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A Biblical Basis for Entrepreneurial Wives…and Lazy Husbands

I love Ben Witherington’s wonderful deconstruction of the whole “women-must-stay-home-and-keep-house” theology. It seems the patriarchalists have overlooked one teensy, tiny detail in attempting to superimpose biblical patterns of household relationships on the modern world: slaves.

The household Paul has in mind has slaves (see vss. 9-10) which in itself makes the situation totally different from the modern Western household, unless of course you’ve hired illegal immigrants to do the grunt work at home and are paying them under the table. Then there could be some analogy. But any home that had domestic slaves such as this situation, had the slaves to do ALL THE HOUSEHOLD WORK, including minding the children and helping them with their school lessons. In fact there was a particular household slave used for the latter—- the paidagogos which does not mean pedagogue, though that is where the English word comes from, but rather means the child-minder of younger children, the nanny, who among many jobs walked little Publius back and forth to school and helped with the homework.

The wife, in this case, the young wife, did NONE of these jobs on a regular basis, in such a household. She supervised the management of the household. In fact, she was the de facto head of the household.

Then it really gets good:

What did the husband do?

On a normal day, he handed out the list of jobs to his slaves and clients between 6-9 in the morning, and then he went out to the forum or agora to chew the fat, make business or political contacts, play backgammon, go to the baths and gymnasium, get a hair cut etc. In a situation like this, it was the wife, more than the husband who was not merely the bread baker but the head of the household, making sure their would be bread on the table. The man’s job was to go out and establish the public reputation of his family through dialogue, meals, going to games. etc. Both husband and wife ‘provided for the family’ in such situations, and in a high status marriage, like those Paul is most concerned about in the Pastorals, very often the women had more money, social status, and business acumen and contacts than the men—- which is why a smart man would marry her in the first place…. On a day to day basis it was more likely to be the wife and slaves who ran the family store front business, while the husband ran around making contacts, playing games, eating with friends and the like.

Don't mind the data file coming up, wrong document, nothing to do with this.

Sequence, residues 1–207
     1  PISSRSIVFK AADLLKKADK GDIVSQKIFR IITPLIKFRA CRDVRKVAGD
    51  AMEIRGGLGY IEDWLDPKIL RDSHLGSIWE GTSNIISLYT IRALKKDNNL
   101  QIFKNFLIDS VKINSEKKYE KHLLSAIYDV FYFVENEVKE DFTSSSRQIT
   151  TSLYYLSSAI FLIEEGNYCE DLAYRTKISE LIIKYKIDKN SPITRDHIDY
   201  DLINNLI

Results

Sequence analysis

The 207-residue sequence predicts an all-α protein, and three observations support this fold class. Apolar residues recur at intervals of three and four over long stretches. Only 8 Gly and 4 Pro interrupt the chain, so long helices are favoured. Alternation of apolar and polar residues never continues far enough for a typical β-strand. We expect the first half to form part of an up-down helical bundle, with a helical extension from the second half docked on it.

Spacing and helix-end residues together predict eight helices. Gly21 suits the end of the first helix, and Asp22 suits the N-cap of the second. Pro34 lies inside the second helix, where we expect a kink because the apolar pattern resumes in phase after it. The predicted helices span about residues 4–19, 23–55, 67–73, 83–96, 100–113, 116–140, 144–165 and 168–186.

Disclaimer 1: There have been stretches of time in my marriage when I have been the “sole breadwinner.” We entered another such stretch this spring when Connie was laid off, but hopefully things are picking up and she has some opportunities for at least a little bit of contract work in the future.

Disclaimer 2: I concur with Ben that there is nothing wrong with the idea of a woman staying at home, taking care of the house, getting the children off to school, etc. But it’s a long way from saying this is a noble calling that God will bless and saying this is the only option available for women is a disgrace, and to insist it is “the” biblical pattern is an anachronism.

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3 Comments

  1. I must have missed it. Where in the Bible is the case for lazy husbands? The ones I remember referenced were always hard at work — working in the fields, or digging wells, or tending sheep, or tending vineyards, or making pottery … I’m struggling to remember the “lazy husband” role model in there.

    Take care & God bless
    Anne / WF

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  2. Darrell Pursiful says:

    Just joking about Witherington’s description of what a typical upper-class husband’s day was like in the first century, WF. (Although there are weeks I’d love to find actual biblical justification for a couple hours of goofing off….)

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  3. LOL. I just get frustrated by the negative stereotypes of men that are prevalent some places in our society.

    But if you want a Biblical justification for a few hours goofing off, there’s always the Sabbath … 😉 God is on your side on that one.

    Take care & God bless
    Anne / WF

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